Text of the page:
Entrance fees for the park are $4 for individuals, $8 for cars, and are good for seven days. The National Park Service's "Park Pass" ($50/year) secures unlimited repeat entries for this and other National Park Service units. Campsites (see below under "Sleep") are $10/night, with a $5 discount for holders of a Park Pass.
Permits are required for backcountry hiking. They're free and available at the visitor center.
The main sites are reached via a short loop road that is suitable for bicycles as well as cars; in fact, it's quite a comfortable ride that gives a more intimate sense of the canyon than you'll get from a car. If you are biking, make sure your tires resist punctures, as all manner of plants with thorns and spines grow in the park.
The short trails to the sites along the loop road can be visited in street shoes, but hiking boots are a good idea if you're planning on visiting any of the more remote areas described under "Do." Some but not all of the sites are wheelchair-accessible, as is one of the campsites at the park campground.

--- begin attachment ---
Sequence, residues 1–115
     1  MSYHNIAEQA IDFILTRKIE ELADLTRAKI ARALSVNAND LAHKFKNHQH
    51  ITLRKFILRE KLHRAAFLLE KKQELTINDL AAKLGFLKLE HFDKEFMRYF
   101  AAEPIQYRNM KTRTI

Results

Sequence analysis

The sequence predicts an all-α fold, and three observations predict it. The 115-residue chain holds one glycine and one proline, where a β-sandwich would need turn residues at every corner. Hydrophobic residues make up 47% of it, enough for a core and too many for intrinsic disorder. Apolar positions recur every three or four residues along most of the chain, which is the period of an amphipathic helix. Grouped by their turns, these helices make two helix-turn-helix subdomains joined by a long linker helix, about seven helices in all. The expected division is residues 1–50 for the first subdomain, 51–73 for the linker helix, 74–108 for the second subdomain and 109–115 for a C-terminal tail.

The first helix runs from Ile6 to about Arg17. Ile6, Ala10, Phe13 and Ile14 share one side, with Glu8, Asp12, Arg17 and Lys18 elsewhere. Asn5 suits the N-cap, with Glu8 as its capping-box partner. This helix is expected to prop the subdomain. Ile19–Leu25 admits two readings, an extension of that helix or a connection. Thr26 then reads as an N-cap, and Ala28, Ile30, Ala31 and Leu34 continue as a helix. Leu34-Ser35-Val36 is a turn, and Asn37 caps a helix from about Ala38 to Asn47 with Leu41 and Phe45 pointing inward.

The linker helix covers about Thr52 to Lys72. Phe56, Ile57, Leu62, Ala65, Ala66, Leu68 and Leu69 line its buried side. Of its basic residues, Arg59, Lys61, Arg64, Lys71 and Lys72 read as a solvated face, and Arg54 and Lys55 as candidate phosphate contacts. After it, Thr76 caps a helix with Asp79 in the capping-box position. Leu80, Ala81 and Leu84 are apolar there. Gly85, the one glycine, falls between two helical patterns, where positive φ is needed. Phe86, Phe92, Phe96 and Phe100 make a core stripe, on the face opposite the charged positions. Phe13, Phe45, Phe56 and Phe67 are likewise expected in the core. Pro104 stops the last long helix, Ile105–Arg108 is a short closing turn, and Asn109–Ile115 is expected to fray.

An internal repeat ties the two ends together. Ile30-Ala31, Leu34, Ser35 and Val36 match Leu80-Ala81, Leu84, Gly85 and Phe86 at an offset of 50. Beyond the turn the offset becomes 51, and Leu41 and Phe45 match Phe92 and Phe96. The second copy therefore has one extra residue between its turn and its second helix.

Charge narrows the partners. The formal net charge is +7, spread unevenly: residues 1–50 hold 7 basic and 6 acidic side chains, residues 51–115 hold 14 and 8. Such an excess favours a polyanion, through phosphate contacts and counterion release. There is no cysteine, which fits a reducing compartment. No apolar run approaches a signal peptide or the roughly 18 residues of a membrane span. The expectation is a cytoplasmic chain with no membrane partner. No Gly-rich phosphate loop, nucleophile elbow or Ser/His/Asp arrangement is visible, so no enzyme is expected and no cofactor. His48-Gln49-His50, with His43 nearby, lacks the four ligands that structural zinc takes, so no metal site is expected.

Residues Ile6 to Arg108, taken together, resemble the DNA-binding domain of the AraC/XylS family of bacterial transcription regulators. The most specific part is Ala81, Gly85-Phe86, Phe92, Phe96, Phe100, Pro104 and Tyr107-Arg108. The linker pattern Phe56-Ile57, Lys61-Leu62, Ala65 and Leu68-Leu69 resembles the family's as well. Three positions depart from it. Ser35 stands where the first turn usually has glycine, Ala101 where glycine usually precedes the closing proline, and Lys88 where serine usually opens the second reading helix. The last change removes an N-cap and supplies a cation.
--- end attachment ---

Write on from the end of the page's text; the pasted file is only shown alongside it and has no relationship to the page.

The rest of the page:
While there is a visitor center with exhibits (open 9-5 except major holidays), the park's trademark attraction is the collection of major ruins along the loop road in the canyon bottom. Some can be seen from the car, but more rewarding is to follow the short, easy trails at each that lead to and through the ruins. Pamphlets explain the important features of the sites. The ruins trails are open from sunrise to sunset; visiting with the sun near the horizon yields particularly appealing opportunities for photography.
There are four trails leading to remote ruins, all available for day use and closed after sundown. Probably the most interesting is the trail to Peñasco Blanco ruin, which has become famous for a well-preserved pictograph thought by some to represent the great supernova of 1054. This pictograph is under a rock alcove below the main Peñasco Blanco structures. Please treat it respectfully; this is a rare find in the world of anthropology.
All trails require free permits available at the visitor center. Hiking boots are a good idea, and carry plenty of water.